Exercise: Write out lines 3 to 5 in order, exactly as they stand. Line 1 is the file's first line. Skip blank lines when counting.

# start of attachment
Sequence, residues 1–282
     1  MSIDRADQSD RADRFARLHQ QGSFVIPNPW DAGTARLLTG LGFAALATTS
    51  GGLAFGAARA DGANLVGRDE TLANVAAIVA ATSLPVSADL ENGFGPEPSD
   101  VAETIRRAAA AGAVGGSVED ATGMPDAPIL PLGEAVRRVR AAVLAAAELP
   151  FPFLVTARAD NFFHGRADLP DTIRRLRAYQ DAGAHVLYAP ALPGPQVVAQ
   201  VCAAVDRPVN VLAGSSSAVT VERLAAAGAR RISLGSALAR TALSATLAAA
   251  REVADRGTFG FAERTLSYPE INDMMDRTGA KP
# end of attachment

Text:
    51  GGLAFGAARA DGANLVGRDE TLANVAAIVA ATSLPVSADL ENGFGPEPSD
   101  VAETIRRAAA AGAVGGSVED ATGMPDAPIL PLGEAVRRVR AAVLAAAELP
   151  FPFLVTARAD NFFHGRADLP DTIRRLRAYQ DAGAHVLYAP ALPGPQVVAQ